looked broken. Planks from it appeared tossed amongst the boulders far below. I was not altogether
surprised that our wall-eyed driver kissed his crucifix, but his action did not increase my confidence.
The dusk crept upon us. Our chauffeur switched on his lights. This, more than the kissing of the
crucifix, seemed a measure of defeat, for they hardly broke the growing dark. The road wound its way
ever upward, and at no place was there a possibility of turning and going back to Kalabaka. Like
Roland in Childe Harold, we must go on, naught else remained to do. I shut my eyes. And it was only
then, after a moment or two, that I heard Stephen say beside me, Whats the matter? Feeling sick? I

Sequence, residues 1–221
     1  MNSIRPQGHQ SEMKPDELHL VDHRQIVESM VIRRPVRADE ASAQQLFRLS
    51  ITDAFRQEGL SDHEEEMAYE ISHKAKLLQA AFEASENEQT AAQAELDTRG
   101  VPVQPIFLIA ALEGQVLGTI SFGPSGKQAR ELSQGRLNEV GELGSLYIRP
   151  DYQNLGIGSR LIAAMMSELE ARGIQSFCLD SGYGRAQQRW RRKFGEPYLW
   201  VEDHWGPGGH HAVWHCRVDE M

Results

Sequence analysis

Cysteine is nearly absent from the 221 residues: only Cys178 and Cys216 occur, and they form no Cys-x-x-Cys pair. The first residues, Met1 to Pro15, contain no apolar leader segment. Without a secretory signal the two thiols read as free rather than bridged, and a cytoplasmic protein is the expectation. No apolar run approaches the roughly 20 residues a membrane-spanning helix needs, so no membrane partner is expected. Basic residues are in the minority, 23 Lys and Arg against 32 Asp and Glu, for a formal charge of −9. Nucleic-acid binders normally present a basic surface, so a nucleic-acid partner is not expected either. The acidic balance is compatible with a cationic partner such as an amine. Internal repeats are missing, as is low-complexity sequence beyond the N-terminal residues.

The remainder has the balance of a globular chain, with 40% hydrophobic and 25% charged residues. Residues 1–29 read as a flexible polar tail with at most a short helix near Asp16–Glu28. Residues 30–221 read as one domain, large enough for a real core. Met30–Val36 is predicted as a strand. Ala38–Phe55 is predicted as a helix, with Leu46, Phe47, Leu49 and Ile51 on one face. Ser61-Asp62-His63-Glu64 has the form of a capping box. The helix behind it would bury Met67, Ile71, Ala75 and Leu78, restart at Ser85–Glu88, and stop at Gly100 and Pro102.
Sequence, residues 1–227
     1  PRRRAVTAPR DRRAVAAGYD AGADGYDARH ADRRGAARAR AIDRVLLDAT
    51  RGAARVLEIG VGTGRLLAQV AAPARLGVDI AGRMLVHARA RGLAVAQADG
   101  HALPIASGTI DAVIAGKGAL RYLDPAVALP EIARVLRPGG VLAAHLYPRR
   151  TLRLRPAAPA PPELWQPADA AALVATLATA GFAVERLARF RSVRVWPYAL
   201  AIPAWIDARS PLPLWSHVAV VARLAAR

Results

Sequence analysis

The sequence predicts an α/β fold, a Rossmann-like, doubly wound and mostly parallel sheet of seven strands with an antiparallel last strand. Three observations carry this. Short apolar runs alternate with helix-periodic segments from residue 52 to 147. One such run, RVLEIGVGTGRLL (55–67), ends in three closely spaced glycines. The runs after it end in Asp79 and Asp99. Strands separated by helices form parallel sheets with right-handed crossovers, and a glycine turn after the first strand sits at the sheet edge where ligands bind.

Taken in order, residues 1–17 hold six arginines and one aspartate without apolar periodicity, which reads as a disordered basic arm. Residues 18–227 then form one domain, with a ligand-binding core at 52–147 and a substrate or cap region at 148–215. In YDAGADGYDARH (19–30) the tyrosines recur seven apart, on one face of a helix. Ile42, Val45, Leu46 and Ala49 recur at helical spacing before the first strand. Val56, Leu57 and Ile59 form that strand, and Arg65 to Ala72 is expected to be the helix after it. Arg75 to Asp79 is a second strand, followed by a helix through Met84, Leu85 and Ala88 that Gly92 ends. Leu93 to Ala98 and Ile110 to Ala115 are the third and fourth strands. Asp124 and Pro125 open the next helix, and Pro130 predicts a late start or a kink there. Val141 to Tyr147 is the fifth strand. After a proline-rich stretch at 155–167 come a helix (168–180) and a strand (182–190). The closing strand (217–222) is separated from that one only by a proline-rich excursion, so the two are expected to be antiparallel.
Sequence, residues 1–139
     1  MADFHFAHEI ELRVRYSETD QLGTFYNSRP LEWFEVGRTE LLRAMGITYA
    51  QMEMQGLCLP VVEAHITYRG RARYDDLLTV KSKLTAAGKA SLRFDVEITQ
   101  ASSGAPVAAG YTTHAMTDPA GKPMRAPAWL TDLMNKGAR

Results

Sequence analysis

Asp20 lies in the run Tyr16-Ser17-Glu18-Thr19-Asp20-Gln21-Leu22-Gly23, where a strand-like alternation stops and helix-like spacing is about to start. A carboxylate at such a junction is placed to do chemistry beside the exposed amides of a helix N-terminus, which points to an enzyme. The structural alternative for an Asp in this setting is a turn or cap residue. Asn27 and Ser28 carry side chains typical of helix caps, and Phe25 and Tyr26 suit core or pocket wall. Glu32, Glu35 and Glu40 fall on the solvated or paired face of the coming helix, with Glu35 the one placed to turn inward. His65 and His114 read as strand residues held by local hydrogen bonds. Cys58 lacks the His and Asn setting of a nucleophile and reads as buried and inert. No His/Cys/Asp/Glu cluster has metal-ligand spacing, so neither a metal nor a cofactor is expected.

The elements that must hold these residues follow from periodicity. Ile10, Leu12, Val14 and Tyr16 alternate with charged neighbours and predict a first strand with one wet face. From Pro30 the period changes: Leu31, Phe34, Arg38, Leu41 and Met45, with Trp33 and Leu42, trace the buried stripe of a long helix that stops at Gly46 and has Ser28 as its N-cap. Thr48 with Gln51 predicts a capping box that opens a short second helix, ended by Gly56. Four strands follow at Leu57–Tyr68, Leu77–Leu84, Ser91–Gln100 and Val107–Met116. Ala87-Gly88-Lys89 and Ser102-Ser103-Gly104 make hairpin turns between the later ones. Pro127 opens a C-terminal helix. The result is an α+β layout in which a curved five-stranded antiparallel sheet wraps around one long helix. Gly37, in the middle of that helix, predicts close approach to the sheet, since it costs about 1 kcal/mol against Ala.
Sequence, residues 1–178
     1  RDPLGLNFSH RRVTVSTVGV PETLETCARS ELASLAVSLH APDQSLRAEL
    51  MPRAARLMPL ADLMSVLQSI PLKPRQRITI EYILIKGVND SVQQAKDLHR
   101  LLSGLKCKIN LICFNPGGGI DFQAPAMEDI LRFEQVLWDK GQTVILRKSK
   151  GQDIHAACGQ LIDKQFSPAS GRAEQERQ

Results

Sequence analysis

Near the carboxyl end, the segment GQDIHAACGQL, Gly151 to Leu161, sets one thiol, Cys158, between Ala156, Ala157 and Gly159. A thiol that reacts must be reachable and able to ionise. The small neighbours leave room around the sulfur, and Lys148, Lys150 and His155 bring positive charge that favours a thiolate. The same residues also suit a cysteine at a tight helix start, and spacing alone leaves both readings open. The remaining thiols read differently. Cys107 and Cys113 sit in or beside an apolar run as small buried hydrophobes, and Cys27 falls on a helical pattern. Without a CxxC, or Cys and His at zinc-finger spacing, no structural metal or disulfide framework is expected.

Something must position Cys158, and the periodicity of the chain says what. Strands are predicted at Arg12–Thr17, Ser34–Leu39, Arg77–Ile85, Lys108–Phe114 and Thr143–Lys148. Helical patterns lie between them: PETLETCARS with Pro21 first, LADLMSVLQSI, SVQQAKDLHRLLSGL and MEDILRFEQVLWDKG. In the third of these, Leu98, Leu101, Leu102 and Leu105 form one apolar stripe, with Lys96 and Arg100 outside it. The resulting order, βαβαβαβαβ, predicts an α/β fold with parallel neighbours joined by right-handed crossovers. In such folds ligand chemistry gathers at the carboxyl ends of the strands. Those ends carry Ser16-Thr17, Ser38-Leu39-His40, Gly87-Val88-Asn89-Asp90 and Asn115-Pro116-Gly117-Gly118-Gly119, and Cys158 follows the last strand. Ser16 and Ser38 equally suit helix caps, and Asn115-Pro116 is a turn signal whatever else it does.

could only conclude that, as always, my husband lacked perception.
The final roar of the engine and a furious grinding of gears warned me that death was imminent,
and, not to miss the experience, I opened my eyes. We had come to our journeys end.
I do not know what buildings stand at Malakasi today. For all I know there may be a motel. In the
year of which I speak there was a log cabin at the top of the pass, standing a little apart from the road,
with room enough for a bus or lorry to park beside it. Forests of beech surrounded the cabin. The rain
had ceased. The crisp cold air had all the stark invigoration that comes with a height of some seven
thousand feet. A single light shone from the window of the cabin. Our driver sounded his horn, and as
he did so the door of the cabin opened and a man stood on the threshold.
Come on, said Stephen, help me unload. Well leave them to the explanations.
My trepidation had vanished the moment the car stopped. One sniff of that mountain air was like a